• Thinnest TROJAN® Latex Condom-Designed for ultra sensation
  • The Strength of a Regular TROJAN® Latex Condom
  • Made from Premium Quality Latex-To help reduce the risk
  • Nonoxynol-9 Spermicide Is On This Condom for extra protection against pregnancy ONLY – NOT for extra protection against AIDS and other STDs
  • Special Reservoir End – For extra safety
  • Each Condom is Electronically Tested – To ensure reliability

CAUTION: Spermicidal lubricants are for extra protection against pregnancy. Spermicidal lubricants are not for rectal use or more-than-once-a-day vaginal use.”

Or, on the feminine side of sexual protection, here’s what Meyer Labs says about Today’s Sponge: “Today Sponge provides effective birth control without “pill” side effects. It is a proven contraceptive with over 150 million sponges sold…”

So if it’s liability that’s the concern, there’s a far greater chance that pregnancy or disease would result trip for trip, so to speak, than a rider has of sustaining a head injury or dying from one. Yet there’s absolutely no doubt about what condom manufacturers are selling—and it’s not reduction but prevention. Comfort and pleasure are added values and not the main benefit when it comes to birth control.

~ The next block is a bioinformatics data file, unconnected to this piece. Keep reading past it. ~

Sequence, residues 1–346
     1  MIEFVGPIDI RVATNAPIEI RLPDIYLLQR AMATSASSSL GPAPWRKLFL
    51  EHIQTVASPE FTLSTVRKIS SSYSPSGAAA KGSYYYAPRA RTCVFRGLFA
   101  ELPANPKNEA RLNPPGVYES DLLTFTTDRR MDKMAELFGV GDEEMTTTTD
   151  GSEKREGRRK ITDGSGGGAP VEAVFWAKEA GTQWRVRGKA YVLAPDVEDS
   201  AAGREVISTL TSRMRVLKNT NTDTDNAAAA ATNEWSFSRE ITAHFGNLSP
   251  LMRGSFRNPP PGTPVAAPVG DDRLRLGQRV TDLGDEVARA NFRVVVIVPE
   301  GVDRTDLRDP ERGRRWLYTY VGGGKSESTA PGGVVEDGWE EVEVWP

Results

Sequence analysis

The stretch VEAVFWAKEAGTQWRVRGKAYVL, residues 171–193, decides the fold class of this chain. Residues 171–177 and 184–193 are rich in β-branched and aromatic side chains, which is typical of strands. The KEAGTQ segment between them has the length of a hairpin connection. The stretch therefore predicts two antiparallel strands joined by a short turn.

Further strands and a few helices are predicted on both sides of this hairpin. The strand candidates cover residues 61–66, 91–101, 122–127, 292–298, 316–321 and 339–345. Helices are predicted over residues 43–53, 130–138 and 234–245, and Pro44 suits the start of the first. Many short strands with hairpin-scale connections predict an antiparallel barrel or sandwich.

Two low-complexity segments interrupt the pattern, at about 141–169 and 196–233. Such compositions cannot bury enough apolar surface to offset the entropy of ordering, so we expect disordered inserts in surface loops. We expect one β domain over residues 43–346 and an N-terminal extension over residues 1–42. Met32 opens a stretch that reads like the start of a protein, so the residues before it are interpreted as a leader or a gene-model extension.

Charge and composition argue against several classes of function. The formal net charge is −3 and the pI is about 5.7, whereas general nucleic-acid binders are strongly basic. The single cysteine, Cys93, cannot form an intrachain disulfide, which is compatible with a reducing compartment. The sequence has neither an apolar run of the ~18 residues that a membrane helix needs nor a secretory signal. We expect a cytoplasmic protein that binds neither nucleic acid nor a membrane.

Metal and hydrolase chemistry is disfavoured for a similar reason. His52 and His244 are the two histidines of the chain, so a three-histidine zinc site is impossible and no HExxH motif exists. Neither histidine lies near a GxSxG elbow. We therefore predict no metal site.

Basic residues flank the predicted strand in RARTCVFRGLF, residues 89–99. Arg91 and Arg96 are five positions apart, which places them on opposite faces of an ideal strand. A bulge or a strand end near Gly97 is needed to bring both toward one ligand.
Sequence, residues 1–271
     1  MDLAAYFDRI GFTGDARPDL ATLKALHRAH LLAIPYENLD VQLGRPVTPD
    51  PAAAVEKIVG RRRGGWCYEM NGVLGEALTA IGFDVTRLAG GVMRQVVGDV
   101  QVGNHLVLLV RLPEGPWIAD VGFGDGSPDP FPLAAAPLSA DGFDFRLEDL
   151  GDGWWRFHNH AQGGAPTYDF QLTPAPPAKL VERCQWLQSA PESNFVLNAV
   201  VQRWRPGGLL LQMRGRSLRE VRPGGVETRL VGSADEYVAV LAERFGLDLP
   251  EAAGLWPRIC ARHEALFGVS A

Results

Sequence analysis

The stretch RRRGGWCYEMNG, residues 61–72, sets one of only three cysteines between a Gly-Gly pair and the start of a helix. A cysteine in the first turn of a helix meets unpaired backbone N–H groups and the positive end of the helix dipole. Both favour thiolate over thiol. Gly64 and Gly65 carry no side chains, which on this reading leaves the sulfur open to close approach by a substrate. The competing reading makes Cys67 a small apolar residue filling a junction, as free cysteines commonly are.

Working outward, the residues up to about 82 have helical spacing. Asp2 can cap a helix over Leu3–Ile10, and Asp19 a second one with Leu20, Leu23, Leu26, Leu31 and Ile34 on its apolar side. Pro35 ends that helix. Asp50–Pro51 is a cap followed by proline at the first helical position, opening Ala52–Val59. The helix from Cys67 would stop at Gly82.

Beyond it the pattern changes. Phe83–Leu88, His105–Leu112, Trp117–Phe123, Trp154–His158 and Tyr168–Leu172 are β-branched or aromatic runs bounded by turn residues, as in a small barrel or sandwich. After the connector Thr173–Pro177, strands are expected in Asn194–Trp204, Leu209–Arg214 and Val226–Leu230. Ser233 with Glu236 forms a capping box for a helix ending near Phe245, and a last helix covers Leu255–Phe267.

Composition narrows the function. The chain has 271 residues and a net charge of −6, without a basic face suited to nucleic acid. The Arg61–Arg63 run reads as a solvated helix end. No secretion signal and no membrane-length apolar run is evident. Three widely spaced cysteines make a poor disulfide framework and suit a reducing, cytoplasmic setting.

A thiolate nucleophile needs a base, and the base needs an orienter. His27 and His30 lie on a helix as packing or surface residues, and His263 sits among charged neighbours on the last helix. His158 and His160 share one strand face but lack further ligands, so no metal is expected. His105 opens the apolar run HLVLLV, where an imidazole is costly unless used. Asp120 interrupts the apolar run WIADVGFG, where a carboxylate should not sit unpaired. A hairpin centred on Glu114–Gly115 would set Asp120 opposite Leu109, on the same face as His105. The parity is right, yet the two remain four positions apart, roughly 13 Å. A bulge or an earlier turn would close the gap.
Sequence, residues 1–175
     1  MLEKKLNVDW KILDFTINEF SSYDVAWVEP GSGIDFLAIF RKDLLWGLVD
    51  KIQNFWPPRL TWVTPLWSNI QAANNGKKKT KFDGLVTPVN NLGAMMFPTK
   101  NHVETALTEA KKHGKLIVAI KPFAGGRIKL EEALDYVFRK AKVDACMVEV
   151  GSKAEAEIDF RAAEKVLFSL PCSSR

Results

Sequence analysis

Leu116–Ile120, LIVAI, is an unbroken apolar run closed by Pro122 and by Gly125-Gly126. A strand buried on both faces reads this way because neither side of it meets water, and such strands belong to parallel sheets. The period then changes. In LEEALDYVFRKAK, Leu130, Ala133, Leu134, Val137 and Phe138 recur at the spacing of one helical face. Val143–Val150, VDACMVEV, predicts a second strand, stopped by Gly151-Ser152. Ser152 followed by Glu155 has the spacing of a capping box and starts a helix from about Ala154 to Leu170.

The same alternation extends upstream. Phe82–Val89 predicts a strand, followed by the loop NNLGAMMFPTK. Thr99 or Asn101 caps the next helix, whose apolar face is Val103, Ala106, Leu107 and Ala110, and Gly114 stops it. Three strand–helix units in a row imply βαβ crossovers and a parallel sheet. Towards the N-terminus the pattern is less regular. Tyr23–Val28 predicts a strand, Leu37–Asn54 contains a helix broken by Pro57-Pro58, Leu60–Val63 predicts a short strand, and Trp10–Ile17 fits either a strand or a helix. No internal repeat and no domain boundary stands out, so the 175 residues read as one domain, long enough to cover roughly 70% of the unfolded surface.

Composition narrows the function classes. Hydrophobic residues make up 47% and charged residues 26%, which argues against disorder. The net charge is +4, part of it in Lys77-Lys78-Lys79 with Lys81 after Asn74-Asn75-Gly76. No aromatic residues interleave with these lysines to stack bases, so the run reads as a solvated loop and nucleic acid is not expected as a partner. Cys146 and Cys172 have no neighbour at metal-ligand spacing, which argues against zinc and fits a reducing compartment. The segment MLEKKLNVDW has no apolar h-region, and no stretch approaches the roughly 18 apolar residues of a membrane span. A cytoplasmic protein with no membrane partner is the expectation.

To put this into perspective, then, if helmet manufacturers advertised condoms, it would be all about comfort and pleasure they give without the slightest hint that they’re supposed to prevent pregnancy or disease. Iow, rather like Arai and Shoei advertise helmets.  Personally, I doubt comfort or pleasure are why people buy condoms.

Yet we’ve certainly heard of situations where condoms break or were defective and pregnancy or disease resulted yet that doesn’t stop these manufacturers from stating what their products are meant to do.

Iow, while fear of consumer liability lawsuits is a reasonable explanation for the startling omission of any reference to what helmets are supposed to do, it’s not a very good answer.